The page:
Esther Lin, MMA Fighting
Joanne Calderwood understands nothing in the UFC is guaranteed.
Just a few short months ago, the Scottish flyweight was preparing for a title shot against reigning 125-pound champion Valentina Shevchenko, but an injury forced the champ to undergo knee surgery, delaying their showdown.
When it was clear that Shevchenko wasn’t going to be ready to compete again until the latter part of the year, Calderwood had to decide if she was going to risk sitting out for over one year in hopes of still receiving the title shot, or stay active with the knowledge that a loss would eradicate any chance she had to compete for a championship this year.
“I feel like I’m at the point of my career where I train consistently, my weight’s good, my mindset’s good, and I feel like if the ball’s in your court, then why not?” Calderwood said when speaking to MMA Fighting during the UFC media day on Thursday.
“I feel like I’ve got nothing to lose, because I have been training and I have been staying up with my nutrition. I feel like I’m ready to go, and it’s good to be at that point in your point, because you never know what opportunity can come up, and I feel like this is a great opportunity for me.”
According to Calderwood, she had already informed her management team and the UFC that she wanted to fight again after learning that Shevchenko wouldn’t be ready to fight by August or September as initially anticipated. When Jennifer Maia suddenly needed an opponent for Saturday’s card in Las Vegas, she saw it as a sign that this was the right opportunity to not only take a fight, but face off against another top-ranked flyweight.
The fight also afforded Calderwood the chance to remind fans and the rest of the flyweight division why she was initially chosen as the No. 1 contender.
“This sport, people only remember who just fought on the weekend and I feel like that was also part of me wanting to get back in there,” Calderwood said. “Cause there’s flyweights out there that are onto their second and third fight now and I’ve been out for a year.
“I get it, I’m in a great position and a great opportunity ahead of me, but at the same time, I’m not getting paid and people aren’t thinking I’m relevant to this spot. I want to go out there and prove to myself and to the fans as well and I want to stay active. For me, I know that’s the best thing for me.”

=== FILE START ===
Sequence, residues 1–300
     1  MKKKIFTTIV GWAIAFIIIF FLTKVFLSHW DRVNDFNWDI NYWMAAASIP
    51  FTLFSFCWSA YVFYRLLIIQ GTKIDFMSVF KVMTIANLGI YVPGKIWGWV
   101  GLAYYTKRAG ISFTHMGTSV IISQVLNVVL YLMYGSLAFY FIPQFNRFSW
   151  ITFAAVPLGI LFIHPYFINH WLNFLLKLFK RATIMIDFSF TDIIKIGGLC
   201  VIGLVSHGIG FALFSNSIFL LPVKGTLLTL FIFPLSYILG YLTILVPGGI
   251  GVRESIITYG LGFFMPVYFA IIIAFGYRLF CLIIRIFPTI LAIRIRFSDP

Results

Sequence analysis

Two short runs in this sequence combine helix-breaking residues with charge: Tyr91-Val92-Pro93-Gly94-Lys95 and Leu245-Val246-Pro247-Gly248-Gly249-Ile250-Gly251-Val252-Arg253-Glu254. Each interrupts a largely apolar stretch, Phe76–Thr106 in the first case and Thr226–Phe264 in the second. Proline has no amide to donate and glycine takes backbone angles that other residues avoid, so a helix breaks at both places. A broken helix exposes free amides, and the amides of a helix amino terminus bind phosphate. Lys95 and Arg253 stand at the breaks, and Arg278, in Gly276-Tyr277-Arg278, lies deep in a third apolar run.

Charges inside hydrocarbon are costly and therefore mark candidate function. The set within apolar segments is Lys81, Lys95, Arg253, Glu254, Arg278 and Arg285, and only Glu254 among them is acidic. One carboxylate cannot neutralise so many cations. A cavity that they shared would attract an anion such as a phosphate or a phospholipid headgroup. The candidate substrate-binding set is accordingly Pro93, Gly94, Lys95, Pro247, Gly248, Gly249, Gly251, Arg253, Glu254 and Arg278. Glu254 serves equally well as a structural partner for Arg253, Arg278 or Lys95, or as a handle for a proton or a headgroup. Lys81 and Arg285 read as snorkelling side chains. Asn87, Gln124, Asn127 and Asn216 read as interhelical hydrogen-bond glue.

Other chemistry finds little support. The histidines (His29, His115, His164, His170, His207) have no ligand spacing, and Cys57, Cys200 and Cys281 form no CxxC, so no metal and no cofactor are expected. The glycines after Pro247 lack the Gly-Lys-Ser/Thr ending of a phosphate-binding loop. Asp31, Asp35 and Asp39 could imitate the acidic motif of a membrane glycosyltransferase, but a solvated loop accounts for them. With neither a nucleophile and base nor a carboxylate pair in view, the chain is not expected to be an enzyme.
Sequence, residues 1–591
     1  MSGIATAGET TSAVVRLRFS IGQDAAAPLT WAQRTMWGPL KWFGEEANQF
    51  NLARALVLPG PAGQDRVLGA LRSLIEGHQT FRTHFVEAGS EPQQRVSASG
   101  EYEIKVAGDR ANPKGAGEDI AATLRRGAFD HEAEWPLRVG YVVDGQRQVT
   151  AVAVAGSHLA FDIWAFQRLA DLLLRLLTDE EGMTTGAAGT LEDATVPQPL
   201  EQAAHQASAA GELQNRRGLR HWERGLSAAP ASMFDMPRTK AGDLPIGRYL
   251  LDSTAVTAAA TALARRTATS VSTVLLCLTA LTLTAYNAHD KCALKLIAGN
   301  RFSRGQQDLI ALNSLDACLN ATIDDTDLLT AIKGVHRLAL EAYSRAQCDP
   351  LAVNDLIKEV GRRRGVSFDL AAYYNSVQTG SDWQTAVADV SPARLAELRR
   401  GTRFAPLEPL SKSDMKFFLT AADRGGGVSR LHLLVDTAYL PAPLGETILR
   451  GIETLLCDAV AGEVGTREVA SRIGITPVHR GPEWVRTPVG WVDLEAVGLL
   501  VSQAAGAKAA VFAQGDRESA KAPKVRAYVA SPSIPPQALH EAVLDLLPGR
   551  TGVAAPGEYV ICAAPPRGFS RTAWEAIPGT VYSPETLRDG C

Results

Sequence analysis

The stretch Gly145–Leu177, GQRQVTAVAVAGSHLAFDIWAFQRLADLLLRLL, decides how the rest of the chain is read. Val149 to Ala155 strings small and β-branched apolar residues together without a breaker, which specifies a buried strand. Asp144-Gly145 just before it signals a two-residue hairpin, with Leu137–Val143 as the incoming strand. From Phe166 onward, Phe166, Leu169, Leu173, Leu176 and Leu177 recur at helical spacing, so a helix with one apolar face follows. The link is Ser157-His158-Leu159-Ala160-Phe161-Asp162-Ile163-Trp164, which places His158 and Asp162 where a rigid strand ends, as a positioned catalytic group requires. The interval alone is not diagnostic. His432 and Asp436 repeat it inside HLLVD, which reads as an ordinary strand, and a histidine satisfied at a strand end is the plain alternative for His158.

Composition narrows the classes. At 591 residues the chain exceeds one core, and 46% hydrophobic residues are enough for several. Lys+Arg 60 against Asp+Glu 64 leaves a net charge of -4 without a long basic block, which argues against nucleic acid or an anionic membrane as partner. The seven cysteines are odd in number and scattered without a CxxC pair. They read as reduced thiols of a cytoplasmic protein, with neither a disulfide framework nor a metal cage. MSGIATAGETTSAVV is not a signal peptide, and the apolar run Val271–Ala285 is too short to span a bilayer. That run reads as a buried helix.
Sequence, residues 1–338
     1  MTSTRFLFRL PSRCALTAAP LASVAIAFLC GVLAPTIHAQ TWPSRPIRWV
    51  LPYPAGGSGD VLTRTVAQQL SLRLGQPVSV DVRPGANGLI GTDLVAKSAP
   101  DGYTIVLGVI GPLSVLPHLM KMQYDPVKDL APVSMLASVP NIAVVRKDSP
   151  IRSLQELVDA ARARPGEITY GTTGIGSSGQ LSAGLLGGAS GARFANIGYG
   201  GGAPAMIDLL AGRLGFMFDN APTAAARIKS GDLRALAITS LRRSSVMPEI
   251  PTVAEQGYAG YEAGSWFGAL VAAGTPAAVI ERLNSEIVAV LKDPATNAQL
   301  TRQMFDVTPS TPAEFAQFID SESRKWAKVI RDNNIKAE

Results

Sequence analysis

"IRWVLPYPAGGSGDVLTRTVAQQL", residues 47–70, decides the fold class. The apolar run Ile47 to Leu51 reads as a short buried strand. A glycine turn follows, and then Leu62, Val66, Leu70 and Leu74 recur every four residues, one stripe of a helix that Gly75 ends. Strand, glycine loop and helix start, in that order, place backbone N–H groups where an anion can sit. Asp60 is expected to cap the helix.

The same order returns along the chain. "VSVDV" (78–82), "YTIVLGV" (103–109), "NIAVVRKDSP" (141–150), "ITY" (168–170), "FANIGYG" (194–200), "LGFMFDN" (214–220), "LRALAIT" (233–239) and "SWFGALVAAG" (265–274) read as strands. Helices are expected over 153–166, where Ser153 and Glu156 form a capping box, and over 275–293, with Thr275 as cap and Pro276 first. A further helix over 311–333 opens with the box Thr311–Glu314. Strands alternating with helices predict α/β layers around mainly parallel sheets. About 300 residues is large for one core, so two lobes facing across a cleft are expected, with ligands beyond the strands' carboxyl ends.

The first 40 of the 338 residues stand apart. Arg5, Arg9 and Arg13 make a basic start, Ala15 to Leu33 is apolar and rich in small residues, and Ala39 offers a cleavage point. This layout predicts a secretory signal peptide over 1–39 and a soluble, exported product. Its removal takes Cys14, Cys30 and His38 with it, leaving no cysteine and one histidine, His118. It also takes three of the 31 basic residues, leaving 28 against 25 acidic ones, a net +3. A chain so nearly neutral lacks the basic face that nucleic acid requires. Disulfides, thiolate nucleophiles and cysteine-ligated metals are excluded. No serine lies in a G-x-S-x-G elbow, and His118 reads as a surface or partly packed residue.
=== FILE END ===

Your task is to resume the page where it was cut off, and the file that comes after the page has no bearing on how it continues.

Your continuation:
Of course, going from a title fight to a short notice co-main event against an opponent sitting behind her in the official UFC rankings are two totally different opportunities.
That requires a massive shift in mentality, as well, and Calderwood acknowledges that she had to hit the reset button when going from Shevchenko to Maia.
“It’s a lot,” Calderwood said. “I feel like I’m trying not to look too much into it because I know I have a tough fight ahead of me, but I’m just in a happy place. I’m excited. Times are tough right now and there’s not a lot of people who are getting to work out there and I feel like I’m in a good spot.
“I feel really grateful for that. I can go out there and earn some money. I can get some experience in the octagon.”
If anything, Calderwood believes a win over Maia will not only solidify her spot as the next person in line to face Shevchenko once she’s healthy, but this will just add a little more experience to her resume after spending the last 11 months on the shelf.
“It’s been coming up on a year since I fought and I just missed that,” Calderwood explained. “I miss all the emotions and it can get alienated to you that you’ve not done it so long.
“So I feel like for me, I made a good decision because I don’t want to be going in against the best girl in the division feeling, ‘Oh jeez, it’s been so long since I know what fight week feels like,’ and getting ready and getting your hands wrapped and being in that moment. The thing is octagon time is very important.”
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